The National Ready Mixed Concrete Association (NRMCA) sends out a press release touting their recent political victory in Washington State, and their new promotional campaign, “Build with Strength.” Hilarity ensues.
There is a lot of wood in Washington State. Meanwhile, the state faces some serious challenges, including building new housing, addressing climate change and dealing with rural poverty. That’s one of the reasons the State legislature recently considered legislation to promote the use of Cross Laminated Timber (CLT), the plywood-on-steroids building system that can replace concrete in low and mid-rise buildings. It’s relatively new technology in the USA, but it makes a lot of sense in the west, because the wood sequesters carbon, CLT buildings go up really quickly, it doesn’t burn very well and it puts people to work.
Of course, it’s all about protecting the children and, the poor (who else lives in multifamily?) and the old people.
But the real hilarity ensues when Kevin Lawlor of Build With Strength, their new publicity campaign, gets going. He writes:
As Washington and the entire Pacific Northwest enter wildfire season, the onus is on those with the means to make a difference to ensure Washington State’s buildings are constructed with strong and resilient materials.
At least five percent of the CO2 produced each year comes from the making of cement. That's chemistry; heat up limestone to make cement and it gives off CO2. And it is CO2 that drives climate change that is likely contributing to the wildfires that are consuming the Pacific Northwest’s forests.
But wood absorbs CO2 as it grows. That's biology. When one makes CLT from trees, it sequesters CO2 for the life of the building. CLT doesn’t burn very well, and it certainly doesn’t rot or promote mold if protected with a roof and a wall over it, much like every concrete building. It is also extremely strong, and compared to concrete, extremely resilient.
The Readymix people also don’t mention the footprint of the aggregate that gets hauled to their plants, or the deaths caused by readymix trucks racing to get to construction sites before the mix hardens. Because concrete is heavy it takes a lot more trucks to build a building out of concrete than it does out of light flat panels of CLT, all of which are pushing out CO2 and particulates and PAHs that are killing the children and old people that the industry is trying so hard to protect.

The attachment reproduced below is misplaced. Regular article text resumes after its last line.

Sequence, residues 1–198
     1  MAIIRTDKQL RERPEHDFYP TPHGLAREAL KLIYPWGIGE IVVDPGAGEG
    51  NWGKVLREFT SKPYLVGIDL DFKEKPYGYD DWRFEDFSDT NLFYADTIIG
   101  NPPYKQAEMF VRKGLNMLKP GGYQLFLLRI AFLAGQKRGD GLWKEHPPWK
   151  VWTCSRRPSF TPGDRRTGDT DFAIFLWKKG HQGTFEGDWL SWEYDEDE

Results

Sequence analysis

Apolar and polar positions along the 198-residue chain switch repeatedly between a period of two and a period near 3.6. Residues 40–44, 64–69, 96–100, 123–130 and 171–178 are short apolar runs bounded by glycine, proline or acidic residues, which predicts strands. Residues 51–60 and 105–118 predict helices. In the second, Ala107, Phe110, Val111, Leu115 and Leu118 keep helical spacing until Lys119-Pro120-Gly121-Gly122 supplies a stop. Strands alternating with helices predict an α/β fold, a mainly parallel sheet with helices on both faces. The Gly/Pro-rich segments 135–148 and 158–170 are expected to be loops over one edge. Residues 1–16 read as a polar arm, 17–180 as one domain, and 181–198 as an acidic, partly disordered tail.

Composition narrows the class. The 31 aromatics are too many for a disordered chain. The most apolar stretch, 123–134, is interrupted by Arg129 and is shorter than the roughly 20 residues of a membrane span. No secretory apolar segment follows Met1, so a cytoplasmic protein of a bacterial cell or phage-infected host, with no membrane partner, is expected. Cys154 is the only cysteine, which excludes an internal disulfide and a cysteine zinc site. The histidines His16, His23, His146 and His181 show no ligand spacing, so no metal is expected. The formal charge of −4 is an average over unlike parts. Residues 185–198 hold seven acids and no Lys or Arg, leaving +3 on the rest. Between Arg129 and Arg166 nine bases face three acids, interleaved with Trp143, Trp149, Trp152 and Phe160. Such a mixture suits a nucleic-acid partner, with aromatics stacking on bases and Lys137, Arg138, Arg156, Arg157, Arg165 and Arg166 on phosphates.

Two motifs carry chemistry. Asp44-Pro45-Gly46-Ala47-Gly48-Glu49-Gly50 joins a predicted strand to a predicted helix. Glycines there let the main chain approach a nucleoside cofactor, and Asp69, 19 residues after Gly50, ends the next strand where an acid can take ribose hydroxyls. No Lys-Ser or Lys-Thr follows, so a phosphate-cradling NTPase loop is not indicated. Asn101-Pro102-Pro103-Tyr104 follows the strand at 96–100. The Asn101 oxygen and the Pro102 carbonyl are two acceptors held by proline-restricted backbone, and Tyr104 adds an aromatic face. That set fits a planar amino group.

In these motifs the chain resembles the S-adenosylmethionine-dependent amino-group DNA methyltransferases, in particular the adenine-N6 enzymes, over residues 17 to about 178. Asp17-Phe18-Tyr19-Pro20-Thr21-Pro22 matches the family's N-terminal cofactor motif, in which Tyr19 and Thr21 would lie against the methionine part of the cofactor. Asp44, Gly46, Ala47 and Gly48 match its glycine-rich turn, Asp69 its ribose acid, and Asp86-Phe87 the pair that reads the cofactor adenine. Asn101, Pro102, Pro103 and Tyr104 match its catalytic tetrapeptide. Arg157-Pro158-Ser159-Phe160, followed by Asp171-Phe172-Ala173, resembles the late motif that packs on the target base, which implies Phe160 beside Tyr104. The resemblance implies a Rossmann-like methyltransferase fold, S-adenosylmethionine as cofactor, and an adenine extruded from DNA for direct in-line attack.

The NRMCA is touting the big virtue of concrete, that it’s strong. But they also distort the truth, showing buildings like the Willis Tower as models of strength, when like almost every other office building in Chicago or New York it is built out of steel. The Willis is one of the world's most identifiable and important steel towers!) They say it doesn’t deteriorate, rot or yield, yet where I live they have had to replace almost every balcony and parking garage in the city because it did exactly that. They show pictures of Rome and say concrete lasts forever, without mentioning that Roman concrete does not have cement made by heating limestone, and does not have steel reinforcement. In other words, it is not the same stuff they are peddling.
Finally, they go on about how concrete buildings are resistant to the forces of nature, without mentioning earthquakes, where wood is considered the “most suitable material for earthquake resistant construction due to its light weight and shear strength across the grains.” or the billions that have been spent fixing reinforced concrete buildings and the failures of flat slab and shear wall or column and slab buildings. As one study notes, “Unfortunately, earthquake experience has proved that this form of construction is vulnerable to failure in which the thin concrete slab fractures around the supporting columns and drops downward, leading potentially to a complete progressive collapse of a building as one floor cascades down onto the floors below.”
There are many types of structures where there is no substitute for concrete. But where there is, such as in low and mid-rise buildings, architects, builders and regulators have to do everything they can to promote low carbon alternatives to concrete. That’s not picking winners and losers; that’s ultimately choosing between life and death.